In a significant stride towards lunar exploration, NASA’s Lunar Trailblazer mission is nearing its launch date. This pioneering venture, set to blast off no earlier than 2024, aims to probe the moon’s surface for water, mapping its abundance and distribution. The Lockheed Martin-built Lunar Trailblazer satellite, relatively compact at just 11.5 feet wide and weighing around 440 pounds, will embark on this mission as part of a yet-to-be-determined rideshare journey along with the Intuitive Machines IM-2 mission.
The Lunar Trailblazer satellite has been armed with state-of-the-art equipment to facilitate its lunar exploration. The recently fitted Lunar Thermal Mapper (LTM) sensor, crafted by the University of Oxford, will employ infrared light to map the moon’s surface temperature and mineral variations. This data will pinpoint potential locations where water might exist. The LTM joins the High-resolution Volatiles and Minerals Moon Mapper (HVM3), installed in 2021, which will detect possible water on the lunar surface by measuring sunlight wavelengths reflected off the moon. With these instruments on board, the Lunar Trailblazer mission is set to revolutionize our understanding of lunar water presence and distribution.
NASA’s Lunar Trailblazer: A Leap Forward in Moon Exploration
NASA’s Lunar Trailblazer mission, a Lockheed Martin-built satellite, is gearing up for launch. The compact satellite, measuring 11.5 feet wide and weighing around 440 pounds, is set to embark on its journey no earlier than 2024. The mission’s primary objective is to search for water on the moon’s surface and map its distribution and abundance.
The Lunar Thermal Mapper
The Lunar Trailblazer recently received its second instrument, the Lunar Thermal Mapper (LTM), manufactured by the University of Oxford, England. The LTM is designed to utilize infrared light to map the moon’s surface temperature and variations in the minerals that make up the lunar surface. This innovative sensor will enable the satellite to pinpoint lunar locations where water might be present.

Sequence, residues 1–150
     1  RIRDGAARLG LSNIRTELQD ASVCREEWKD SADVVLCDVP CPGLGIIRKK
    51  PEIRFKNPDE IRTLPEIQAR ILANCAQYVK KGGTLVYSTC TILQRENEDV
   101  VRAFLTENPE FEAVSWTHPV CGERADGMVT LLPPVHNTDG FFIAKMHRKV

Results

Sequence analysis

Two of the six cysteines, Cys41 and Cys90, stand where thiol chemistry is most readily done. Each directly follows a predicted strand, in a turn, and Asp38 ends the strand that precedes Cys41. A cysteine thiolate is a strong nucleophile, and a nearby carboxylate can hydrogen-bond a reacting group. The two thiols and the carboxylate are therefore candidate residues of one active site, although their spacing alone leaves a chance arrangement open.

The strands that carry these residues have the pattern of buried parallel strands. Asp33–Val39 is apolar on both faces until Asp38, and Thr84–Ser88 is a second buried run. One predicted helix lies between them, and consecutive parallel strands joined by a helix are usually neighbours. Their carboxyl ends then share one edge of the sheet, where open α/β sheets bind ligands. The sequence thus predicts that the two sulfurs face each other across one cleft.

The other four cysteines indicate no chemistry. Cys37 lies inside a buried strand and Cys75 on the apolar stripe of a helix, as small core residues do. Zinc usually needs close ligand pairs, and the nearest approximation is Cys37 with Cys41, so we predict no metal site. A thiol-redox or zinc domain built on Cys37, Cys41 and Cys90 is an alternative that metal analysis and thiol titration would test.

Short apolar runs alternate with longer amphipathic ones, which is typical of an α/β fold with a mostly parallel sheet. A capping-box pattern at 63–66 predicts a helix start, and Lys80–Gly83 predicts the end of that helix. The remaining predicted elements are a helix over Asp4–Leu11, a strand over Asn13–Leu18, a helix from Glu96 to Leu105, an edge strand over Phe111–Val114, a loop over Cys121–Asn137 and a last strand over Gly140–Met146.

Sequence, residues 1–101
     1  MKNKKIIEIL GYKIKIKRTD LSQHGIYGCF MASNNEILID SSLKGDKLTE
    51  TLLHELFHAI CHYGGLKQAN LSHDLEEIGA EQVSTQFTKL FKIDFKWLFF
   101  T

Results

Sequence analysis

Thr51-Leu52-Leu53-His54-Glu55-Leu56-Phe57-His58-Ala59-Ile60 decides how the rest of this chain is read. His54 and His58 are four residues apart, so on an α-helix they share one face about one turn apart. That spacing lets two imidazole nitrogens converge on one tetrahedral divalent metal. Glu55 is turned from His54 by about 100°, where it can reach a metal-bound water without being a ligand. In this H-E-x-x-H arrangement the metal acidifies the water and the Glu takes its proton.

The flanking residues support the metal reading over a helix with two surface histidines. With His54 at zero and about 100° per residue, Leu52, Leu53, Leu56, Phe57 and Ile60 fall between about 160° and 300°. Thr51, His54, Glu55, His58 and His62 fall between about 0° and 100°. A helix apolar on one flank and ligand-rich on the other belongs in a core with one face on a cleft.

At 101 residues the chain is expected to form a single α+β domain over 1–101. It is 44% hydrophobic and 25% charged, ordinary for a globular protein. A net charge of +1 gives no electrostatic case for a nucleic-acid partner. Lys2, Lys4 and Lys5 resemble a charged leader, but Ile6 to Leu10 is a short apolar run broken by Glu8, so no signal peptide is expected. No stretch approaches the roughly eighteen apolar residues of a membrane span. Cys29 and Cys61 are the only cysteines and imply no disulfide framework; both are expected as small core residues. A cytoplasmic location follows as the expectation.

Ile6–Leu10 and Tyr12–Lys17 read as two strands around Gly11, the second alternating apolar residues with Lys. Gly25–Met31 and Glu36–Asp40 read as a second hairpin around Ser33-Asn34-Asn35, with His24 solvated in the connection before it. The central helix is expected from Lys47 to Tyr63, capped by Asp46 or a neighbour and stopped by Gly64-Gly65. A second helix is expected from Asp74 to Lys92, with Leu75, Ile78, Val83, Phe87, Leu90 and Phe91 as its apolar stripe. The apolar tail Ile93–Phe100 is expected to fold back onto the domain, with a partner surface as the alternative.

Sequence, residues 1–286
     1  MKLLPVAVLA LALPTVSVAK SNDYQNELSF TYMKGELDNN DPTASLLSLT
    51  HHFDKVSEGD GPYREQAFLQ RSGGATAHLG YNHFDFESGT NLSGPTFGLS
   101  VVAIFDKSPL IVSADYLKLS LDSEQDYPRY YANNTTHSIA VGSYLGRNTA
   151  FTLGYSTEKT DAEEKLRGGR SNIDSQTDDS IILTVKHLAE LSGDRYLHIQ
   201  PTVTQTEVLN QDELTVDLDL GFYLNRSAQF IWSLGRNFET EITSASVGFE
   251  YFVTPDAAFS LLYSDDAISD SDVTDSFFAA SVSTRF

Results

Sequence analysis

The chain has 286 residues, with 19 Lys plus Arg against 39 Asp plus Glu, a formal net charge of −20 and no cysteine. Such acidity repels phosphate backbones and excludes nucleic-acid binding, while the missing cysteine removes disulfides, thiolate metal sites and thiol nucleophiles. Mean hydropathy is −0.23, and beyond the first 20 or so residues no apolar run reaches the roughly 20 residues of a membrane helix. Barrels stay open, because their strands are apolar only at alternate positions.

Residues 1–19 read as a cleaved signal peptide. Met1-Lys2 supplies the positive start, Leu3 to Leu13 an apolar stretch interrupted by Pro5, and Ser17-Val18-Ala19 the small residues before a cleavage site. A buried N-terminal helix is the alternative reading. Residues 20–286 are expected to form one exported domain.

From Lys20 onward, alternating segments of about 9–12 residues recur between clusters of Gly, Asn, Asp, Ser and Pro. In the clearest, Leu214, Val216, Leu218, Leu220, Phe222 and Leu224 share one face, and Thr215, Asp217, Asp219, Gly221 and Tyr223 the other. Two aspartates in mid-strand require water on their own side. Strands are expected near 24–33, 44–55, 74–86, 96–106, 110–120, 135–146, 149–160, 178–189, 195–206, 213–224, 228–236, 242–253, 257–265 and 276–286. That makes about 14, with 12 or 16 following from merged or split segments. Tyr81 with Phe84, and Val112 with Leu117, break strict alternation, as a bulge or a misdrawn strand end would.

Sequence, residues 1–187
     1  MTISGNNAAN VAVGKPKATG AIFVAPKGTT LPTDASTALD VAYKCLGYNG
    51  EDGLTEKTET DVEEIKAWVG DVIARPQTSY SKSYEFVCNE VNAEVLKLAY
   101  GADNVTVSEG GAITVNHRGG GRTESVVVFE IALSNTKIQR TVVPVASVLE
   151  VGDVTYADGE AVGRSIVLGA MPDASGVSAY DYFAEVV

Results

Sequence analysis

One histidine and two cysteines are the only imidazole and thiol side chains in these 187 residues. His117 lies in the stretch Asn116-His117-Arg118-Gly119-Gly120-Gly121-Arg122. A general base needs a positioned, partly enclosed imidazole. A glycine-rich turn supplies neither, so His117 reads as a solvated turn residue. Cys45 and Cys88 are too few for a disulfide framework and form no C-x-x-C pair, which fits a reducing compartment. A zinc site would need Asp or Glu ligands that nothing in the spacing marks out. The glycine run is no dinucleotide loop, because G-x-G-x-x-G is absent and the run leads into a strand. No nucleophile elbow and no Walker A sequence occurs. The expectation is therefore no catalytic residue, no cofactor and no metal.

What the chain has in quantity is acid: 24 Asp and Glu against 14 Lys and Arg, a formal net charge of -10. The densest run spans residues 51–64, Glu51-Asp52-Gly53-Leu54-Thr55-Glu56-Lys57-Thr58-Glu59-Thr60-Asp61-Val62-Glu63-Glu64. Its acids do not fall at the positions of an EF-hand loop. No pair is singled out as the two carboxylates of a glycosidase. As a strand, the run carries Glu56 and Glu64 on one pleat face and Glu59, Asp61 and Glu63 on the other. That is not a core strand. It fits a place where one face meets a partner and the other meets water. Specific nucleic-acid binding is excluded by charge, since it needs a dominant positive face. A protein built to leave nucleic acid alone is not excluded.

Neil Bowles, a physicist at the University of Oxford, praised the team’s efforts, especially in light of the recent pandemic challenges. He stated that "the data from the mission will help us to understand how water is transported across the surface and potentially captured in cold traps near the lunar poles, allowing follow-up from future human robotic exploration."
High-resolution Volatiles and Minerals Moon Mapper
The Lunar Trailblazer is also equipped with the High-resolution Volatiles and Minerals Moon Mapper (HVM3), developed by NASA’s Jet Propulsion Laboratory in Southern California. This instrument, installed on the satellite in 2021, is designed to measure the wavelengths of sunlight reflected off the moon to detect the chemical fingerprint of potential lunar water.
Libby Jackson, Head of Space Exploration at the UK Space Agency, shared her excitement about the mission, stating that it "will bring us fascinating insight into the nature of water on the moon, which will improve our understanding of our natural satellite and how we could harness its resources to support exploration in the future."
A Global Effort
The Lunar Trailblazer is only one of the many probes and landers heading to the moon in the global quest for water ice that could support future crewed missions. NASA’s LunaH-Map cubesat and ShadowCam aboard the Korea Pathfinder Lunar Orbiter are already mapping potential landing sites. Meanwhile, Russia’s Luna-25 mission and India’s Chandrayaan-3 are expected to land on the moon this month to join the hunt for lunar water.
The Lunar Trailblazer mission marks a significant step forward in our understanding of the moon’s resources. The successful identification and mapping of water on the moon could open up new possibilities for sustainable space exploration and habitation. As nations around the world join the search for lunar water, it’s clear that the race to unlock the moon’s potential is well and truly underway.